On May 28, 2019, a Nevada resident, Morgan Rockcoons, was sentenced in the U.S. District Court for the Southern District of California to 21 months in prison for wire fraud and unlicensed money transmission. In connection with the sentencing, Rockcoons will also be required to forfeit $80,600 in illicit proceeds.
In its implementation of the Bank Secrecy Act (BSA), the U.S. Treasury’s Financial Crimes Enforcement Network (“FinCEN”) requires money services businesses, including money transmitters, to register with FinCEN, maintain anti-money laundering compliance programs, and file suspicious activity reports (SARs) and currency transaction reports (CTRs), among other anti-money laundering compliance requirements. In a 2013 Guidance, FinCEN clarified that convertible virtual currency exchangers are “money transmitters,” and thus money services businesses, under the BSA.1
Rockcoons was initially indicted on November 8, 2017, for operating an unlicensed money transmission business. He had been advertising his bitcoin exchange services on the website LocalBitcoins.com. In 2015, he was identified by the Department of Homeland Security as the “the most prolific San Diego-based seller.” He continued to advertise his services through 2016, and as of October 2017 he appeared to have conducted more than 1,000 bitcoin trades for more than 644 people, profiting fees as high as 36% per transaction. Rockcoons was arrested on charges of unlicensed money transmission on February 9, 2018, but then released on bond pending a trial.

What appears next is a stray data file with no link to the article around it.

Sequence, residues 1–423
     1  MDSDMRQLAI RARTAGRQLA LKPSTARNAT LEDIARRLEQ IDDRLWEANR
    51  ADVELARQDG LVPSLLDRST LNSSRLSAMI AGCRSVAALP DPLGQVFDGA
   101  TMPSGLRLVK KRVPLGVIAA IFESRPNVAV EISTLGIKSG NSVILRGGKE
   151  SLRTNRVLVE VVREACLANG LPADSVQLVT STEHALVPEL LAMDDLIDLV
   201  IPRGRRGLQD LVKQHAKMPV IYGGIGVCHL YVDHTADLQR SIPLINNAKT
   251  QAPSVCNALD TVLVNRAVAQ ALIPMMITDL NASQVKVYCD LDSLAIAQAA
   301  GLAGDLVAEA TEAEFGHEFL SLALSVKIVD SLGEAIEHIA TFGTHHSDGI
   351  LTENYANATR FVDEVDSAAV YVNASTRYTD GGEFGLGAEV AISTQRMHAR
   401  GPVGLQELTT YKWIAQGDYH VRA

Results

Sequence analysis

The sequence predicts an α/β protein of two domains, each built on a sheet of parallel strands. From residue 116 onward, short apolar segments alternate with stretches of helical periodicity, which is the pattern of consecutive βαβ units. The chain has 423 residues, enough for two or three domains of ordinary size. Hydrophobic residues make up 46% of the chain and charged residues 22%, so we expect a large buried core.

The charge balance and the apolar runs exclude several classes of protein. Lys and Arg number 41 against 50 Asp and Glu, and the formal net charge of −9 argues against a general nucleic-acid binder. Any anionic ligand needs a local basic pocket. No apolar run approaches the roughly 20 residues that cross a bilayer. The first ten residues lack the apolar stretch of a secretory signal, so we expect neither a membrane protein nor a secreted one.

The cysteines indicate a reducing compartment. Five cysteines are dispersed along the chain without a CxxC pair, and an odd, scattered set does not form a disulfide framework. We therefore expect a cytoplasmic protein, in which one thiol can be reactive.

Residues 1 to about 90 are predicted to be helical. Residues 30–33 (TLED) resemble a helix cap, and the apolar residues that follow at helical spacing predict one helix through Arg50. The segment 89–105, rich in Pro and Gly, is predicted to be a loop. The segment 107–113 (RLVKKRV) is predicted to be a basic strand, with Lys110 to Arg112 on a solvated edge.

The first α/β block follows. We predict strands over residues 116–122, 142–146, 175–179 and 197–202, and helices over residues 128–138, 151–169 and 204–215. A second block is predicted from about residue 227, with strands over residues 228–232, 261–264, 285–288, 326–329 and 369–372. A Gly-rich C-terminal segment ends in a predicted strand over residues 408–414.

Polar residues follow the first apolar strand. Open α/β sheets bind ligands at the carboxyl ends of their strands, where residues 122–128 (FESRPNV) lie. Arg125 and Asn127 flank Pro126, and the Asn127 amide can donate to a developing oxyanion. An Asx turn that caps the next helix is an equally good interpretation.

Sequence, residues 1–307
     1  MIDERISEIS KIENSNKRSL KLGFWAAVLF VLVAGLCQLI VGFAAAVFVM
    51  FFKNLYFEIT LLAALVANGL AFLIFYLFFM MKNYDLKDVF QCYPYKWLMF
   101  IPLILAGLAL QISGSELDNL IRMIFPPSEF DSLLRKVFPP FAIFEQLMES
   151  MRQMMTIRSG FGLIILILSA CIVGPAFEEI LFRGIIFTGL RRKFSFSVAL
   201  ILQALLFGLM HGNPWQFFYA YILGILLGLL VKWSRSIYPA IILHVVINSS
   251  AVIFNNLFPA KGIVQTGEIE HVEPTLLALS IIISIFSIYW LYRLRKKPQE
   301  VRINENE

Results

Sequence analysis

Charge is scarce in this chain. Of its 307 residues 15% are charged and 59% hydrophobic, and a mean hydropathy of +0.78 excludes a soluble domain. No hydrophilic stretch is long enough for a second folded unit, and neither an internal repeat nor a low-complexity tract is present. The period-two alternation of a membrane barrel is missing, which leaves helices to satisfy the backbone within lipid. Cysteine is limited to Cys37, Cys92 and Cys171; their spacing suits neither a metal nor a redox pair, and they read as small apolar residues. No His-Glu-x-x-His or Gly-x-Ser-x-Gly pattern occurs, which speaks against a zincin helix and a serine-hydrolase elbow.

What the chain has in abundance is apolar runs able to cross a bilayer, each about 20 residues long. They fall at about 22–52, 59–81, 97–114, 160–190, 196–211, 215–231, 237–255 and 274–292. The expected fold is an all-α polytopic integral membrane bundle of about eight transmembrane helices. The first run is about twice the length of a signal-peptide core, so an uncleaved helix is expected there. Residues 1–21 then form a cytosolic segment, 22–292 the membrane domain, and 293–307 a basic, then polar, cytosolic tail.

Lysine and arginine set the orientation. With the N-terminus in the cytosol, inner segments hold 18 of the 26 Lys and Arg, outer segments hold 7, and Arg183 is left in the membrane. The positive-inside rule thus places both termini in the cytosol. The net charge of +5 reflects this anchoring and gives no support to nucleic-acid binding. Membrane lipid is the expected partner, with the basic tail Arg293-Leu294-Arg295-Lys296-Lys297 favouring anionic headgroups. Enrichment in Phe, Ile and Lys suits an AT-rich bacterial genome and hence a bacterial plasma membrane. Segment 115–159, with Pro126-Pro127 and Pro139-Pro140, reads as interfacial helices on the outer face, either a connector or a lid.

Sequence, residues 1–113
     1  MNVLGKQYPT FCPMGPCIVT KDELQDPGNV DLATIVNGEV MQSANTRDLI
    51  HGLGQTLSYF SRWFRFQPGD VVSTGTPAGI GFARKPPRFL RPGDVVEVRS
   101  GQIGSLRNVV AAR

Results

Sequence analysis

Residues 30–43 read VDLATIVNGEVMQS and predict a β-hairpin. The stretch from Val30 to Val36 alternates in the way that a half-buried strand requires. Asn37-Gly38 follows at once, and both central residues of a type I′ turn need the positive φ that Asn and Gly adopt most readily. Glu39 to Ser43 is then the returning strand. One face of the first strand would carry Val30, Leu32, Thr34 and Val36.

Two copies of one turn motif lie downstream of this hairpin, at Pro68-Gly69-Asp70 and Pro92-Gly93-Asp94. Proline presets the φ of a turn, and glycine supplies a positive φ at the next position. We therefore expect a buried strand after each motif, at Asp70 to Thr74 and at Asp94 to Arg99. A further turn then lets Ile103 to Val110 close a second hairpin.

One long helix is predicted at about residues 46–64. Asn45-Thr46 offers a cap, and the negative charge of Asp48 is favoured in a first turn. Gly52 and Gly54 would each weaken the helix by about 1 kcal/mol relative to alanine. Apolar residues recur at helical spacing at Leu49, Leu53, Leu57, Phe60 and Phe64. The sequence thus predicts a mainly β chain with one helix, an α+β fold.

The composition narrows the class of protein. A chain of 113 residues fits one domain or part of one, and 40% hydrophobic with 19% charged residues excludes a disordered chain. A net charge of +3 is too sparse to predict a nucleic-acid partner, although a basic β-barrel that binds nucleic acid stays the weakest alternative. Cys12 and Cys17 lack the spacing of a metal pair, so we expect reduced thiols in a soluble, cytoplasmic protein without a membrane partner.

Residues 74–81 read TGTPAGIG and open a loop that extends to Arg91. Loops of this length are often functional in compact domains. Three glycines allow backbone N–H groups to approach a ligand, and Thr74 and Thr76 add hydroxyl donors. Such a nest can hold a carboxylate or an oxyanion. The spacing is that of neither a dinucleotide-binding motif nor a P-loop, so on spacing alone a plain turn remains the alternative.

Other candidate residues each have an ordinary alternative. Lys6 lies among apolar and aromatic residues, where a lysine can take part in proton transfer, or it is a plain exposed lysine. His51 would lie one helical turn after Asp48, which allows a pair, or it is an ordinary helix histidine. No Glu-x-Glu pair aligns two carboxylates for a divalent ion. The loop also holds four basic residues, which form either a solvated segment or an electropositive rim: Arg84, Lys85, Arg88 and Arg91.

While on pretrial release, Rockcoons’ business model apparently shifted to fraud. He began promoting a real estate venture, “Bitcointopia,” which he described as a place in the Nevada desert where bitcoin would be “legal tender.” Rockcoons promoted the development on the Internet and social media, advertising 500- to 1000-acre parcels for .5 bitcoin per acre (or about $4,222 per acre in U.S. dollars). He did not own the land he claimed to be selling (federal authorities stated all he owned were two non-contiguous lots in the area, totaling less than 5 acres), and at least 10 individuals were apparently victimized by the fraud. Rockcoons was arrested again on October 29, 2018, and the government filed a superseding indictment incorporating the additional fraud charges on the same day.
The sentencing of Rockcoons follows recent activity relating to the regulation of virtual currency businesses by FinCEN. On April 18, 2019, FinCEN announced an enforcement action against peer-to-peer virtual currency exchanger Eric Powers. As we noted in our April 26, 2019 Client Alert, FinCEN’s enforcement action against Powers was its first such action against a peer-to-peer virtual currency exchanger for BSA violations. On May 9, 2019, FinCEN issued a Guidance concerning the application of the BSA to convertible virtual currency businesses. The same day, FinCEN also issued an Advisory to assist financial institutions in identifying and reporting suspicious activity associated with convertible virtual currencies. As we noted in our May 21 Client Alert, these developments confirm that FinCEN views certain convertible virtual currency activities as vulnerable to exploitation by criminals and other bad actors, and market participants should remain cognizant of these developments as they evaluate their risk profiles and BSA obligations.
1 FIN-2013-G001, “Application of FinCEN’s Regulations to Persons Administering, Exchanging, or Using Virtual Currencies” (Mar. 18, 2013).
Because of the generality of this update, the information provided herein may not be applicable in all situations and should not be acted upon without specific legal advice based on particular situations.
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